The Diary of Maude (Sarah) Dwyer Mass During the Spanish Flu Pandemic 1918-1920. January 1 -9.

The Diary of Maude (Sarah) Dwyer Mass During the Spanish Flu Pandemic     1918-1920

January 1 -9

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This diary is written my Maude (Sarah) Dwyer Mass. Maude is Helen Nugent’s mother. She was known as Sarah. She was a twenty-four-year-old single lady when she wrote this diary. She kept this “line a day”, diary for three years. It is called a comparison record. She was faithful to make an entry each day for 2 ½ years. It is particularly interesting because this is the time that the Spanish Flu Pandemic was spread around the world. The pandemic lasted from 1918 to 1922. It killed about 650,000 Americans. This diary gives a glimpse of young lady’s life during the pandemic in the Los Angeles area.  She stopped the diary in April 1920 and got married 8-23-20. I suppose she had marriage preparation on her mind and let the diary entries stop. They got married in the middle of the pandemic.

Sarah was born 9-21-1894 in Marysville California. Her father, William Dwyer married Nora Lee Dwyer. They were both from Ireland. They settled in Arizona with four children. They moved to Marysville and had twelve kids, but eight survived. One child was bit by a rattle snake in Arizona and died.

Sarah at two or three years old.

Sarah as a young girl

Sarah is the young girl in the carriage

Sarah family. She is on the chair.

      Sarah married Albert 8-23-1919 in Los Angeles. She was a housewife. She was a member of the Catholic Daughters. T.O.P.S., Altar Society, and various other church activities. She died in 1974 of Emphysema and an irregular heartbeat. Lola M., born in 2005, was named after her late great-grandmother, Sarah Maude Mass.

Albert (Al) Mass in his army uniform.

     Albert was born 4/1/1894 in Cincinnati Ohio. He met Sarah for the first time at a USO dance, a dance meant to entertain the soldiers and they married in Los Angeles 8-23-1919. According to Helen (Mass) Nugent, they did not initially get married in the traditional way. They went to the priest’s home at night and threw some stones at his window, waking him up to marry them.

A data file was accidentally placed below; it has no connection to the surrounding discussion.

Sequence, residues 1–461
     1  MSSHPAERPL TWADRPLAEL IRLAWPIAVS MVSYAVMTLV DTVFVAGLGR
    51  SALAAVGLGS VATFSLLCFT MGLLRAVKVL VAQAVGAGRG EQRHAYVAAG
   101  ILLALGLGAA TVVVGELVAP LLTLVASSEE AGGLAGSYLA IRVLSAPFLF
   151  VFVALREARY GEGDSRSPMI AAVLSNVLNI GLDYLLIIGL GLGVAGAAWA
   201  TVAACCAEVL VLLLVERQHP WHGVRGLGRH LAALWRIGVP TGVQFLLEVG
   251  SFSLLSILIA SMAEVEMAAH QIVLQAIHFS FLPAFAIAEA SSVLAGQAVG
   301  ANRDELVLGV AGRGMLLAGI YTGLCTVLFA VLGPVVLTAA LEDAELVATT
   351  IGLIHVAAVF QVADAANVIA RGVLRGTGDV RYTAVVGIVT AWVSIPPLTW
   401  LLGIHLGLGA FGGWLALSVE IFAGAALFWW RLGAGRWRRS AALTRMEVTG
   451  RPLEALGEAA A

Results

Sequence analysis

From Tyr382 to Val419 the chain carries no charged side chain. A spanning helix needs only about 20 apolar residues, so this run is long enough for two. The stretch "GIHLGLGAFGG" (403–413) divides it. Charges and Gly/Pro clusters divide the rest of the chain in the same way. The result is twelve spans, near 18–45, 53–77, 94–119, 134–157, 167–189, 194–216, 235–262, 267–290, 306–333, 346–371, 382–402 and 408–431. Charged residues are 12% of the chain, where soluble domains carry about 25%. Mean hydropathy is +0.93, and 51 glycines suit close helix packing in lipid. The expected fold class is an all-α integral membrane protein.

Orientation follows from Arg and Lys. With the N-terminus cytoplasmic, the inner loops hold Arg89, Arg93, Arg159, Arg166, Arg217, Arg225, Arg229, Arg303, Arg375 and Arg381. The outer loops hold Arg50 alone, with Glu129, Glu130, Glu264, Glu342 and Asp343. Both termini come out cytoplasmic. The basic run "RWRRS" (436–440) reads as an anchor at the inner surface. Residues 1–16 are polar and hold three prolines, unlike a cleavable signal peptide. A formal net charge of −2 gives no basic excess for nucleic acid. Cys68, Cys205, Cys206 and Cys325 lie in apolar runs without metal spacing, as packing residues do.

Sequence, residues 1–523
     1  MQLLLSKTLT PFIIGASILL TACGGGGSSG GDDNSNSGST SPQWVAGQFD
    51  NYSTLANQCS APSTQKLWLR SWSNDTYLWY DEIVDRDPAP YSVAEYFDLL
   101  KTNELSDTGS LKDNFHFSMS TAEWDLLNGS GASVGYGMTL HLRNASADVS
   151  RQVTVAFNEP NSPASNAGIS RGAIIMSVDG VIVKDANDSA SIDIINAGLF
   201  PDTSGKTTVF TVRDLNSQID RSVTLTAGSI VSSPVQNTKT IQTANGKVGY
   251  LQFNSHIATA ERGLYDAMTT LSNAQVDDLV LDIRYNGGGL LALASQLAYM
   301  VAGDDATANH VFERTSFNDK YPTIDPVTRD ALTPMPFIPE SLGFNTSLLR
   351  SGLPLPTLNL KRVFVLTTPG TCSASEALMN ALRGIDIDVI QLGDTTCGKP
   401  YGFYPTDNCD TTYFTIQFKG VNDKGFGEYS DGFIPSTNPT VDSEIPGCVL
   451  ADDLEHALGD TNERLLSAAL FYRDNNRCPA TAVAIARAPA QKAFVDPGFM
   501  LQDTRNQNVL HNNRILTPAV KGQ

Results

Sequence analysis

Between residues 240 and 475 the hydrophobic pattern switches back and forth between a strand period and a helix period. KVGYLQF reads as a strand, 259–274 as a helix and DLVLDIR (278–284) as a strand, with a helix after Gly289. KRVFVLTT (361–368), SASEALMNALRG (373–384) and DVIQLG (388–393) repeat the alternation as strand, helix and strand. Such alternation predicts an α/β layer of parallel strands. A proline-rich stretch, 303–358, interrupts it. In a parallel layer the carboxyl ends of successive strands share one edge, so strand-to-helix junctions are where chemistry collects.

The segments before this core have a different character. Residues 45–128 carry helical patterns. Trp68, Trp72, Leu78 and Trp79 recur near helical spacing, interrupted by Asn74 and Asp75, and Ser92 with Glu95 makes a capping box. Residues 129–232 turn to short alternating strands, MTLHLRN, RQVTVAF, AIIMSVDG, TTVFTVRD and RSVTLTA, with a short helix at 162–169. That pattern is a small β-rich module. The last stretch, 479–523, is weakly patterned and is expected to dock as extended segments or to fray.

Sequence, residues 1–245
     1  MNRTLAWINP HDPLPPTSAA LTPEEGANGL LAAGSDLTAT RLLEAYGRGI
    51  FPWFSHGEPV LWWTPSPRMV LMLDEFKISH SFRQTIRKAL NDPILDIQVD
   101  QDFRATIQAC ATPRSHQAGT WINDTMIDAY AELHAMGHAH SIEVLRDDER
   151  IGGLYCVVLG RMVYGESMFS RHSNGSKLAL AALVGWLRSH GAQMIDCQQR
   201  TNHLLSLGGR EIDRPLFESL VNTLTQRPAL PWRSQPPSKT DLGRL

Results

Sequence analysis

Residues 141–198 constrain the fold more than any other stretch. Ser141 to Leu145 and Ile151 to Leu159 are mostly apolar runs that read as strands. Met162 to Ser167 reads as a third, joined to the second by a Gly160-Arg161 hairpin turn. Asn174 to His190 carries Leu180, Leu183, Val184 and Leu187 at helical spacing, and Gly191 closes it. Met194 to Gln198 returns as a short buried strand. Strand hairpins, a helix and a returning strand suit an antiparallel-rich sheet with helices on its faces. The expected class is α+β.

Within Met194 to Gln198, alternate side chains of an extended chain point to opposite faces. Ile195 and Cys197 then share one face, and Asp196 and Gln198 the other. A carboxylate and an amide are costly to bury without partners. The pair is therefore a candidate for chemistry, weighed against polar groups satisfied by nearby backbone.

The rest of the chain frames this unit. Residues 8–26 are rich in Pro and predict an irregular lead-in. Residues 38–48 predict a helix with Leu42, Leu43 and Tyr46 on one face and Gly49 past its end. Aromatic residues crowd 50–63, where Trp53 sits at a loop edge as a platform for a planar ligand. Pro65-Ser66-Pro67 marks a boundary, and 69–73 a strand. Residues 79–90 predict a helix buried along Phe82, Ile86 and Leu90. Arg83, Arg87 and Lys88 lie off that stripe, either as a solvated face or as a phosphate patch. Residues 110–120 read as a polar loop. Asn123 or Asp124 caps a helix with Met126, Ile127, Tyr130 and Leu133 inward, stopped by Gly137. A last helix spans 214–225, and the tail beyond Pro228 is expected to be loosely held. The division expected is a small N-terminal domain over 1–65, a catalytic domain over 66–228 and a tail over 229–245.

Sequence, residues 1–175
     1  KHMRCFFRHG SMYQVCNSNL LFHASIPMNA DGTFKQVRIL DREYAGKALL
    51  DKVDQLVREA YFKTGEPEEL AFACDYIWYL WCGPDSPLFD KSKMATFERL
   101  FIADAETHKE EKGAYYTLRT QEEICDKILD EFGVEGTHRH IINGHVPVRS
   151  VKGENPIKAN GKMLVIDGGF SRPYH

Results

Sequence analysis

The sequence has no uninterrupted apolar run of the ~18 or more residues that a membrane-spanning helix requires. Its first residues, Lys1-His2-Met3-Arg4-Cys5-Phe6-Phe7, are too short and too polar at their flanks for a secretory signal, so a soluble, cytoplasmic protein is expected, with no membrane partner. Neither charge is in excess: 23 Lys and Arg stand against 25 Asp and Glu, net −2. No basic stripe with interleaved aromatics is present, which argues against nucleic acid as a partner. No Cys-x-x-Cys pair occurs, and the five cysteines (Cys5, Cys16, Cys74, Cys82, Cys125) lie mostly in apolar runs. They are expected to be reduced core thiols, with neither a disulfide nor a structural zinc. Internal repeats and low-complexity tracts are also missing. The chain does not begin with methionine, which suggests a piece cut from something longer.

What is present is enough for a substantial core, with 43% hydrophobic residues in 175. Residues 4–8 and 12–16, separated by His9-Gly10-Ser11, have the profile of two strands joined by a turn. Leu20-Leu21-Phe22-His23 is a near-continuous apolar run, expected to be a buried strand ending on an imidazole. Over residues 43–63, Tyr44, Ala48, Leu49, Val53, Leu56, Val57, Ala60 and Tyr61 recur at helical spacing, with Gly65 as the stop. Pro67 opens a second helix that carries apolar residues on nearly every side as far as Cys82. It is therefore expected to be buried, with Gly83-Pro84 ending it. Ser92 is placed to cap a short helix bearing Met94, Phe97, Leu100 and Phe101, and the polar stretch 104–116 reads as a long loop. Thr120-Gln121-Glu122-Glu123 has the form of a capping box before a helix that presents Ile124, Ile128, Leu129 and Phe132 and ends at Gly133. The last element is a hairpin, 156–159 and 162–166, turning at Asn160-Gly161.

Their 50th anniversary was spent in Montebello California. That is where they lived. Albert was known as Uncle Al. He had started smoking at 6 years old and he succumbed to lung cancer. He worked as a porcelain enameller. Later on, he became a maintenance electrician through reading books.  He worked at O’Keefe and Merrit Co. He was known for being able to fix things.  Albert’s dad was Albert “Gus” Mass, from Germany. He Lived in Cincinnati Ohio and had a trucking business. His mother was Anna Speakerman (? Spiekerman) She was born on Cincinnati Ohio. She died in 1940 in an accident with a mail truck. Albert died 11-1974. He is interned at Resurrection Cemetery in Monterrey Park California.

mass and nugent families 1963

Al, Sarah, Edwin, Helen and Ken Nugent with Michelle and Chris Nugent.



January 1:

1918: Went to communion this morning. Read most of the day. Had dinner at Mane’s, Bill being with us. Played cards tonight.

1919: Chief cook all day. Did all the work including getting dinner. Joe and Al both doing nicely.

1920: Al (official name was Joseph. He was called Al.) and I went to an art museum this morning. Went for a long bike ride with Marie and William.

Edwin Dwyer

Edwin Dwyer…Sarah’s brother

Edwin married Margaret and they owned a dry-cleaning business on Ellis Street in San Francisco. They had no children. Uncle Edwin lived in San Francisco.  He was my mom’s brother. Thus the Dwyer. My dining room furniture is from his house in SF.  He also paid for the twin bed set that you girls had growing up. He ran a dry cleaner business in the Tinderloin district.  They lived out in the Avenues. Uncle Edwin lived in San Francisco.  He was Sarah Maude (Dwyer) Mass’ brother. Helen Nugent’s (Julie’s mom) dining room furniture is from his house in San Francisco, California. He was a generous man, paying for the twin bed set that Julie Nugent (jesmer) and her sisters grew up with.